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Apart from an illustrious father, Amaan and Ayaan share striking good looks. And wear flamboyant kurtas!
 

Amaan and Ayaan: high decibel musicEvent
 
Softer please, we can hear you!

 

Mansar 2001
Music Academy, Chennai
March 10

Amaan and Ayaan blast away at a concert with U Rajesh, unmindful of people in the hall holding their heads in dismay 

 

 

Most people who turned up at the Music Academy to hear the confluence of the mandolin and the sarod on Saturday thought the concert was being deferred for want of a big-enough audience. After a while, P C Ramakrishna, the emcee with the baritone, broke the news about the delayed flight of Ustad Amjad Ali Khan and his two sons.

Amaan Ali Bangash and Ayaan Ali Bangash performed with U Rajesh, student and sibling of Mandolin U Shrinivas. Titled Mansar 2001, to indicate the two instruments on display, the programme was expected to be a sell- out as it put on stage three young men who had learnt their music from the topranking exponents of the two string instruments. If it was not, it is perhaps because the programme was a hurriedly made-up substitute for a performance by the southern playback star S P Balasubrahmanyam, who withdrew because of a hip injury. 

Let's not forget to mention that the people of Chennai could have taken a more sympathetic view of the circumstances and turned out in larger numbers to support the cause of the organisers, Shakthi Foundation. The foundation strains every sinew for the welfare of the disabled. In the ultimate analysis, to quote Vasanth Raghuvir of Shakthi Foundation, music spoke. She said it was Rajesh who had managed to bring the "celebrity brothers" to Madras for the jugalbandhi in which ghatam maestro Vikku Vinayakram and tabla exponent Bikram Ghosh also participated.

And it fell to Rajesh again to assume the unaccustomed role of being at centre stage. He began the concert by playing solo, with the ghatam and tabla in tandem. He began with Mahaganapathim in raga Nattai, followed by Thyagaraja's Sriranjani piece, Brochevarevaru. One could hear flashes of Shrinivas in the higher octaves, and again when he went to the lower frets. Rajesh exhibited his mastery over the mandolin with evocative finesse. He coaxed dulcet notes out of the instrument in a serene, slow tempo. The curtains were brought down to rearrange the mikes on the arrival of the celebrity brothers, as they were called by the compere.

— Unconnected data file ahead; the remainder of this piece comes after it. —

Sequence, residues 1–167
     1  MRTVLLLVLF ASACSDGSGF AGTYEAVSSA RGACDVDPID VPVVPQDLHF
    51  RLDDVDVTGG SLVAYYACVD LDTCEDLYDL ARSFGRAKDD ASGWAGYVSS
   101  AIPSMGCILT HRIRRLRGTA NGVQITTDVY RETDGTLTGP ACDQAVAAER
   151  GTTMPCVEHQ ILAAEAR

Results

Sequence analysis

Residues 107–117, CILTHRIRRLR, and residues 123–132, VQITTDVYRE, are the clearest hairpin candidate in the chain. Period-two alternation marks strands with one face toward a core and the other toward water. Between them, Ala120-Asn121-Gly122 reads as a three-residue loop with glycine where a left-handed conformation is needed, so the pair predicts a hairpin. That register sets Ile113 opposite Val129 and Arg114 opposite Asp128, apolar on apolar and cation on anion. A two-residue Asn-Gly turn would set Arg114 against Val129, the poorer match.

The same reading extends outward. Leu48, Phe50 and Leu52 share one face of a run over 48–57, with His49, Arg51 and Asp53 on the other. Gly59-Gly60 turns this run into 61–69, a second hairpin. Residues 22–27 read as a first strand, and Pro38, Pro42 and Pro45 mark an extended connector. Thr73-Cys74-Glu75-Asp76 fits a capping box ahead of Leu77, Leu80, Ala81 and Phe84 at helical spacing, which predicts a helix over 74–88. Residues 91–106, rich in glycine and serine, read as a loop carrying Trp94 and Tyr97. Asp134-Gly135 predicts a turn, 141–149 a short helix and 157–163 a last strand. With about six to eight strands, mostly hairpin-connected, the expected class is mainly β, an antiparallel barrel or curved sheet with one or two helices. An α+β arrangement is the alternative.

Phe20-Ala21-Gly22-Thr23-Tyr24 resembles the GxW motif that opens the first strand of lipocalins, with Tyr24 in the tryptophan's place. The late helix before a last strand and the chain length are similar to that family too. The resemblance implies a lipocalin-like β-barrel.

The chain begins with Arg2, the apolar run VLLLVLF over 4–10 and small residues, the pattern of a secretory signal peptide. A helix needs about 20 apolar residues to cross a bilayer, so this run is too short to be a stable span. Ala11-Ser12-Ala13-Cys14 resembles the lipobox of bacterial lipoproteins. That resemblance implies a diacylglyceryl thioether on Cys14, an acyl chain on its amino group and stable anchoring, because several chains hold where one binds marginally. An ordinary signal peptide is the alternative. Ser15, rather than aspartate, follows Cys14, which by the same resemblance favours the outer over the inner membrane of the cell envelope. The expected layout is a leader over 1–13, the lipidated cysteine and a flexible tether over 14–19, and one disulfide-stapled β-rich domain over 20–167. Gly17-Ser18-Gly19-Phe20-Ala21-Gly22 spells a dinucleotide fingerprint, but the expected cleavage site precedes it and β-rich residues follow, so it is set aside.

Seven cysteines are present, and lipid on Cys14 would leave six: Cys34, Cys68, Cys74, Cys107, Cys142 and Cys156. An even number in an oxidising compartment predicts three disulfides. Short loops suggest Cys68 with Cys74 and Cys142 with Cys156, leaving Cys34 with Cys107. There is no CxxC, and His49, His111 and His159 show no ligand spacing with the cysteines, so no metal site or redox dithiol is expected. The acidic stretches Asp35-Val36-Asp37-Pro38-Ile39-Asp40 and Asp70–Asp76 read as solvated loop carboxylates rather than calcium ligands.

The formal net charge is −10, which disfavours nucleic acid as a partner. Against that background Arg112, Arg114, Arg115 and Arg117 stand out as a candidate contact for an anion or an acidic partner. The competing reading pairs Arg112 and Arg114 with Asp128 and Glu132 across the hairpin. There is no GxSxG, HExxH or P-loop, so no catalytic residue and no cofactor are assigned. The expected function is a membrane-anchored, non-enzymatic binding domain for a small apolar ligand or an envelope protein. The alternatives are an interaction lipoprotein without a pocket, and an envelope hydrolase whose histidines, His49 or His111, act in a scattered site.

The curtain went up and the audience realised why Amaan Ali Bangash and Ayaan Ali Bangash are already celebrities. Apart from an exceptional father, they share striking good looks. And sport flamboyant kurtas! The elder of the two, Amaan, also makes his presence felt very vocally. He apologised to the audience for the delay but insisted it was not their fault but that of the airlines. He said he would not continue to play if the mike volume was not raised. He went into contortions of irritation whenever the audio was not perfect. He went into raptures over the play of the unassuming Rajesh, embarrassing the latter performer.

Amaan might have thought he was on the sets of Saregama and not in the most prestigious concert hall of Chennai! Amaan's and Ayaan's performance began with an alaap of raga Purya Dhansree, followed by compositions in jhap tal and teen tal. Amaan described the raga as spiritual, but it emerged as strident. The brothers began well and the alaap was controlled and well delineated. However as they ventured into the folds of the raga, their playing became jarring. The brothers got so carried away with the soaring decibel level that they banged the strings harder and harder.

After their duet, Rajesh was welcomed to the stage once again. Together the trio started to expound raga Keeravani, which seems a favourite in Carnatic-Hindustani combo performances. Rajesh made the mandolin produce melodious gamakas. Thanks to this edifying precept, the brothers initially curbed for a while their penchant to bang away, and played some lingering notes. But not for long. Especially Amaan's strumming fingers were uncontrollable and many among the audience were seen rubbing their foreheads. Believe it or not, Amaan broke four of his sarod strings and the audience had a special treat in witnessing an onstage demo of string repair by the artiste.

The percussion play by Grammy Award winner Vikku Vinayakram and tabla maestro, Bikram Ghosh was the tour de force. After all the fireworks Vikku's patting of the ghatam was music to the ears. Bikram Ghosh's fingers too flew but the sound this time was pleasing and not harsh. The concert was brought to a close with Vaishnava janato, Mahatma Gandhi's favourite song. 

Ustad Amjad Ali Khan, in a delightful little speech, pointed out that the three had met on stage, without practice, and carried it off. But one could not but remember the performance put up for Shakthi Foundation last year by Shrinivas and tabla maestro Zakir Hussain, where Shrinivas played a composition of Zakir's and Zakir kept perfect beat for a composition of Shrinivas'. That was a real jugalbandi. Still, it is heartening that young artistes are willing to play for a good cause, unmindful of commercial interests.  


Ambujam Anantharaman


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